Atmospheric observation-based estimation of fossil fuel CO2 emissions from regions of central and southern California

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Journal Article

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Combustion of fossil fuel is the dominant source of greenhouse gas emissions to the atmosphere from California. Here, we describe radiocarbon (14CO2) measurements and atmospheric inverse modeling to estimate fossil fuel CO2 (ffCO2) emissions for 2009–2012 from a site in central California, and for June 2013–May 2014 from two sites in southern California. A priori predicted ffCO2 mixing ratios are computed based on regional atmospheric transport model (WRF-STILT) footprints and an hourly ffCO2 prior emission map (Vulcan 2.2). Regional inversions using observations from the central California site suggest that emissions from the San Francisco Bay Area (SFBA) are higher in winter and lower in summer. Taking all years together, the average of a total of fifteen 3-month inversions from 2009 to 2012 suggests ffCO2 emission from SFBA was within 6 ± 35% of the a priori estimate for that region, where posterior emission uncertainties are reported as 95% confidence intervals. Results for four 3-month inversions using measurements in Los Angeles South Coast Air Basin (SoCAB) during June 2013–May 2014 suggest that emissions in SoCAB are within 13 ± 28% of the a priori estimate for that region, with marginal detection of any seasonality. While emissions from the SFBA and SoCAB urban regions (containing ~50% of prior emissions from California) are constrained by the observations, emissions from the remaining regions are less constrained, suggesting that additional observations will be valuable to more accurately estimate total ffCO2 emissions from California as a whole.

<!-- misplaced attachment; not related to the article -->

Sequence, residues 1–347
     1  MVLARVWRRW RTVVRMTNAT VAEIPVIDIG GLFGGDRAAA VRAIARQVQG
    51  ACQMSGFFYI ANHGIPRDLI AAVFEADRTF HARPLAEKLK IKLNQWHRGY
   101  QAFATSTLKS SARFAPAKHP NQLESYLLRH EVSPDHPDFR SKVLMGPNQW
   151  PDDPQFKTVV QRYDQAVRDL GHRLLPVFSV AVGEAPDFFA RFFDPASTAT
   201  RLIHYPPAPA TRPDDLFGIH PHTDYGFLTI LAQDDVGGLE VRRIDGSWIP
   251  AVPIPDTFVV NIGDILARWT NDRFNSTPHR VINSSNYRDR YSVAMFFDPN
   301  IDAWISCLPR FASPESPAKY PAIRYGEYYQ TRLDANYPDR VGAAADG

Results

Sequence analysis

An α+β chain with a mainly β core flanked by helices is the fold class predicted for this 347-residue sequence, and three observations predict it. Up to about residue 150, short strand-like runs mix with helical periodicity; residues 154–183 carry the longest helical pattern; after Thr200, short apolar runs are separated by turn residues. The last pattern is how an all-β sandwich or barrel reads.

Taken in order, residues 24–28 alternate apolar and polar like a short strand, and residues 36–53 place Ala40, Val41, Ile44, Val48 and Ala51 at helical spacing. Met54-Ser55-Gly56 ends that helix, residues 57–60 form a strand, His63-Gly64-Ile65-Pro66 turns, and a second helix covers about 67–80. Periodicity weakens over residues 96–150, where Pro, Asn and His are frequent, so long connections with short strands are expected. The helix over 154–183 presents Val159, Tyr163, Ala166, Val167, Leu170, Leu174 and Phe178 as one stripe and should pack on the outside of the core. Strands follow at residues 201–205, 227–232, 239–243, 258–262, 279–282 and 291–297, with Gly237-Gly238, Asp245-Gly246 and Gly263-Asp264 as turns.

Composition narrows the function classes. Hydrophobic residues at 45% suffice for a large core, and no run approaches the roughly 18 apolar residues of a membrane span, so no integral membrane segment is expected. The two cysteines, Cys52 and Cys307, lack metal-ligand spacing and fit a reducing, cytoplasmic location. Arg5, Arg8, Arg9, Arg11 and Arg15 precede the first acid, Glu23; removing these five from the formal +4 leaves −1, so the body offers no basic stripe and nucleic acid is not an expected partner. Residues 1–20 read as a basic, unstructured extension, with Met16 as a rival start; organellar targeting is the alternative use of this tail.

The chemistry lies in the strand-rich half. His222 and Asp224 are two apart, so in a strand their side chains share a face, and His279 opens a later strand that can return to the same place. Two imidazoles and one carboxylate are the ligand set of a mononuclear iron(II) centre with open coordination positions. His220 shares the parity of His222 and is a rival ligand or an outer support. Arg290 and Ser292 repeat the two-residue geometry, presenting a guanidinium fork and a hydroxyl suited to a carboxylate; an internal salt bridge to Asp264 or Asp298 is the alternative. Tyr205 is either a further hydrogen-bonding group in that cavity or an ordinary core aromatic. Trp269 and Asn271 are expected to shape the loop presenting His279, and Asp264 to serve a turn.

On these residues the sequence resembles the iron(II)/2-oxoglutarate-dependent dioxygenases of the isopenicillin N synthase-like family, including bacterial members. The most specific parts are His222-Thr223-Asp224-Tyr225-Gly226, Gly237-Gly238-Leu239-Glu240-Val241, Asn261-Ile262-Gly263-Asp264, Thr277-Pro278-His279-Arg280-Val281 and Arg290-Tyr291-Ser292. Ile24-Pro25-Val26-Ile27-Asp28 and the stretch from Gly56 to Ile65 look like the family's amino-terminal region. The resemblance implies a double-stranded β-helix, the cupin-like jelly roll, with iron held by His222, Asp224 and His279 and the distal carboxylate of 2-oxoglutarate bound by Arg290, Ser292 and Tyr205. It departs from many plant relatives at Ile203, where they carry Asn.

Science of The Total Environment

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